One thing that I thought would stand out from the game, was the ability to unlock disguises you pick up in the world and use them from the beginning of a mission if one is replaying it. However, it seems that such is only available in Contracts mode, where you also have the ability to purchase disguises for basically $1,000,000 each. Furthermore, remember how the old Hitman games allowed you to take any weapon(s) you wanted to a mission replay once you found them in-game? It seems IO threw that concept out of the window, as now (as with disguises), any weapon you find can only be selected at the start of a Contract. Unless I'm doing something wrong, otherwise, the lack of this subtracts from the overall replay value. As I mentioned before about feeling like the game is basically trying to tell you how to play it...taking away the options you had in previous games pretty much highlights that in a bright yellow ink.
While some bits of humour shown in early previews for the game have not made it to the final cut (i.e the dogs having sex in the Streets of Hope mission), there's nothing shy of crude humour and potential Easter eggs to make up for it. While I'm still unsure on how to feel, whether it be offended or entertained, about the vast and prevalent homosexual innuendos that flood the game, I still have to laugh at the blatant disregard for it. For example, in the King of Chinatown mission, if you get too close to the King, he'll often comment, "What, do you like me? I like you too," in a seductive way. Just a misinterpretation, you say? Well what about in another mission where if you get too close to a guard, he'll comment, "Whoa, why don't we talk a bit before we touch?" No? Still not buying it? Well...I suppose you could always reference putting two bodies in the same closet. No, not a container. A standing, vertical closet. Try stealing the disguise from both, if not the second body before loading him in, and then before the door shuts, ask yourself what it looks like the two bodies are doing. Or if you need further proof, have a look at something blatantly obvious: a male NPC offering 47 "a real good reach-around" in trade for his life. If that doesn't convince you that IO Interactive deliberately added a plethora of homosexual innuendos and "humour," I don't know what will.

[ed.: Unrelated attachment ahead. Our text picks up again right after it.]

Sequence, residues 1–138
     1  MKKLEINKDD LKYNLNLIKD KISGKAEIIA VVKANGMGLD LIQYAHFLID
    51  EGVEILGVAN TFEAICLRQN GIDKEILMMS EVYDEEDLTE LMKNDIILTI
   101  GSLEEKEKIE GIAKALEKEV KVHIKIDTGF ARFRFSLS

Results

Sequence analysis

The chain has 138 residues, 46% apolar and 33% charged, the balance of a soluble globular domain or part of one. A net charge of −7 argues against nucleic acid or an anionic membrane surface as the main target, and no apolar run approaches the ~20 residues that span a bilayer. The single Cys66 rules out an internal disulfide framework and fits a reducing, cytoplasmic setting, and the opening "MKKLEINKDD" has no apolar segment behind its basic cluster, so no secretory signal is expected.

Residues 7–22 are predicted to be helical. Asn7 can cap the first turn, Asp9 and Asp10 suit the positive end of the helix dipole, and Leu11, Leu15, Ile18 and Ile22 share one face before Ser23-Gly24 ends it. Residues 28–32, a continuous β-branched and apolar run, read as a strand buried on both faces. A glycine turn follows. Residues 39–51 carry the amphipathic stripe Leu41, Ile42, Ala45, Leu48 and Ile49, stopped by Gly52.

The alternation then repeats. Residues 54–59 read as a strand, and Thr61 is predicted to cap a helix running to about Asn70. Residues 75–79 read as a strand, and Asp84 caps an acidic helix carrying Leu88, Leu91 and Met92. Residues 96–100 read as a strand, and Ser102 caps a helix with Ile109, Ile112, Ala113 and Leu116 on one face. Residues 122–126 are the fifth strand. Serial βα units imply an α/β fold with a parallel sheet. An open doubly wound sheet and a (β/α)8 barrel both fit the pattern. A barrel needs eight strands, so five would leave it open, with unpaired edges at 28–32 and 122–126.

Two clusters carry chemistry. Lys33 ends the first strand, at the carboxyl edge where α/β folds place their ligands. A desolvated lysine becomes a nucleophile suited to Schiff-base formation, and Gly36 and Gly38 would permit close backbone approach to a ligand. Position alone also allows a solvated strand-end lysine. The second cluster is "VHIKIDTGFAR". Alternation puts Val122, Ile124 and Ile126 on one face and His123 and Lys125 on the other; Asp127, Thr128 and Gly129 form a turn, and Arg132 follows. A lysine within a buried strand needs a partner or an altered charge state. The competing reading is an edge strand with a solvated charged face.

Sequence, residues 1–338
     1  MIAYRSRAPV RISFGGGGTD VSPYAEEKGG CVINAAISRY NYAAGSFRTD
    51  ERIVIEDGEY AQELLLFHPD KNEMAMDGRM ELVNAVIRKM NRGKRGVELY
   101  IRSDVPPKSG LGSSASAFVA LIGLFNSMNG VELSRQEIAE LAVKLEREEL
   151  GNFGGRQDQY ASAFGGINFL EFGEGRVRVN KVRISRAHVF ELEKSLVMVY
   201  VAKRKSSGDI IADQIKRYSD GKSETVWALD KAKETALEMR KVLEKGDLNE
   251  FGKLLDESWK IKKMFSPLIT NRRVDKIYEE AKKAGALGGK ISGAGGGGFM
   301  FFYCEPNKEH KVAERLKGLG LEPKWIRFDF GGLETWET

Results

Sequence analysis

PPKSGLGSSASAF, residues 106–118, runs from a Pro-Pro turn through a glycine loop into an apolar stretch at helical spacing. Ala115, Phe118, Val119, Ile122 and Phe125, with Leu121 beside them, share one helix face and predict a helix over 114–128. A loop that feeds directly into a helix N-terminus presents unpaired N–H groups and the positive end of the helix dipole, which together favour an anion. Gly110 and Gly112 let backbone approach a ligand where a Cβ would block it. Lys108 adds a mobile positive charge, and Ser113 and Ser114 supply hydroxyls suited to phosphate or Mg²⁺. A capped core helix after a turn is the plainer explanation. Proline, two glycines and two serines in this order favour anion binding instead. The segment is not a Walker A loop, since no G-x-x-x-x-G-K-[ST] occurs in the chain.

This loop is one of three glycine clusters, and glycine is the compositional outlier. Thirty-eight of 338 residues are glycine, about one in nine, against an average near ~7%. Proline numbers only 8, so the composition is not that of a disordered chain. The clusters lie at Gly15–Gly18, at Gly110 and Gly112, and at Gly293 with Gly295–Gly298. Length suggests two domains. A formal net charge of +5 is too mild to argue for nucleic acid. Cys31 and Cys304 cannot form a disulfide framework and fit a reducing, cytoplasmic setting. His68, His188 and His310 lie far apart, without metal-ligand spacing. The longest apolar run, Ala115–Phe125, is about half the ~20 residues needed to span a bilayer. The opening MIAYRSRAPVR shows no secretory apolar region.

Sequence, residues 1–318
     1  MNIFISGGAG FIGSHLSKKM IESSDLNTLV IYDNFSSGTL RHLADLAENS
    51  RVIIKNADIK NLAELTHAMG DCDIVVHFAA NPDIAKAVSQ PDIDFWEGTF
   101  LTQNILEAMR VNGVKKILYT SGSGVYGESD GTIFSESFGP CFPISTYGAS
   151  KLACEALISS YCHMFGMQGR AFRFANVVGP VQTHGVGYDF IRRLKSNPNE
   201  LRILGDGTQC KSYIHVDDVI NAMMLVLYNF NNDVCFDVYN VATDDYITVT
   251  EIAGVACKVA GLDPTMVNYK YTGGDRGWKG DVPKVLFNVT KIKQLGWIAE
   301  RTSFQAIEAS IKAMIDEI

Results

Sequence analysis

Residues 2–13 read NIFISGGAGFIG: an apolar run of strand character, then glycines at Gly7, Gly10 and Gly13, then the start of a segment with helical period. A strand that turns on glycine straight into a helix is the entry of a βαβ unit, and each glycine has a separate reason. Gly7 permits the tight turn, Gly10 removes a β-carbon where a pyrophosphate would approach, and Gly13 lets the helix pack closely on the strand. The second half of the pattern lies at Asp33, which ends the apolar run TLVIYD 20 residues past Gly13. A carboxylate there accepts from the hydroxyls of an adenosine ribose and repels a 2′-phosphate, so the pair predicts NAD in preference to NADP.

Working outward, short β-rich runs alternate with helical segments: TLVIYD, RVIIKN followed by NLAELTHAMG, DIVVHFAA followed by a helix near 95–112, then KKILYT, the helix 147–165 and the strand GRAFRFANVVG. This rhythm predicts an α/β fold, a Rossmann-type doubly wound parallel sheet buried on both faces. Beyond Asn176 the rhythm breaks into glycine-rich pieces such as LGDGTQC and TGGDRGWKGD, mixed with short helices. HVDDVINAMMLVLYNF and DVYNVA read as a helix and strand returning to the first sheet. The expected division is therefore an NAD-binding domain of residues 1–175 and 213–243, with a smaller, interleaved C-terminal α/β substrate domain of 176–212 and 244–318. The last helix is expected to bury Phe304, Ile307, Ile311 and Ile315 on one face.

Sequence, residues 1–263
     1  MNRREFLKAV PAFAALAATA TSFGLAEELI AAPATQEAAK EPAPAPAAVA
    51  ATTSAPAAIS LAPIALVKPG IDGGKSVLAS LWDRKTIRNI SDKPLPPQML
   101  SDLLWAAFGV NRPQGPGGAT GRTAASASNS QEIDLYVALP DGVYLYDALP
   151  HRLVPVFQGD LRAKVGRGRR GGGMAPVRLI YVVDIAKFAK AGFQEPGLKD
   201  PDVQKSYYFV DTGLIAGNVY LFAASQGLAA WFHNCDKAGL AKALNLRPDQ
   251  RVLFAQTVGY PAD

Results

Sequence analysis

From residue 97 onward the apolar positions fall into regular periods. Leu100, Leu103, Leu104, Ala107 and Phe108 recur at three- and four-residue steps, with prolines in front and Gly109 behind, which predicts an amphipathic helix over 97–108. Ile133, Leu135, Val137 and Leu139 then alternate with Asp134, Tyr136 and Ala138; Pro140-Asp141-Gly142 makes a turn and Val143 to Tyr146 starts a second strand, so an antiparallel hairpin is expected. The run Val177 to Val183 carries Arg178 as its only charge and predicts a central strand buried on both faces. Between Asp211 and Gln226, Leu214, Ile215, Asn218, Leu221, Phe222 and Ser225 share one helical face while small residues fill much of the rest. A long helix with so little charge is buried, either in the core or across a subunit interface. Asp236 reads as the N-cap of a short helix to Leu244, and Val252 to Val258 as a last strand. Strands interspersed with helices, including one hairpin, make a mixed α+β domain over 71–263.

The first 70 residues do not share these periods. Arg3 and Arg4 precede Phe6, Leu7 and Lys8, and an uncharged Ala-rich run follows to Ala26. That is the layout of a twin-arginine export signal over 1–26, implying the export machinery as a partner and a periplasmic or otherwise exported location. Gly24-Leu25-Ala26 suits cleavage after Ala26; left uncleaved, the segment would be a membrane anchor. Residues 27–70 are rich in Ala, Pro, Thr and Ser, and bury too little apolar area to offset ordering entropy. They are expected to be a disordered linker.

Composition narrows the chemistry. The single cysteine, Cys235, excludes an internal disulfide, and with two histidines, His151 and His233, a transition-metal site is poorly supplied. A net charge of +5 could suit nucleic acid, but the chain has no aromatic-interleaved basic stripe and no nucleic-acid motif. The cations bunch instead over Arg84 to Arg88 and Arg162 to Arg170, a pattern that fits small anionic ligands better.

Overall, Hitman: Absolution does indeed fall flat when compared to the previous games, but when you look at the slight innovation and originality it has to offer, it picks itself up and shows you the intriguing turn it's taken in the franchise. While some players may enjoy the different experience and others will yearn for the classic feel, Hitman: Absolution is an undeniable hit and a must-play this year.
(1) The Nasty Jokes of Absolution - http://kotaku.com/5962193/t...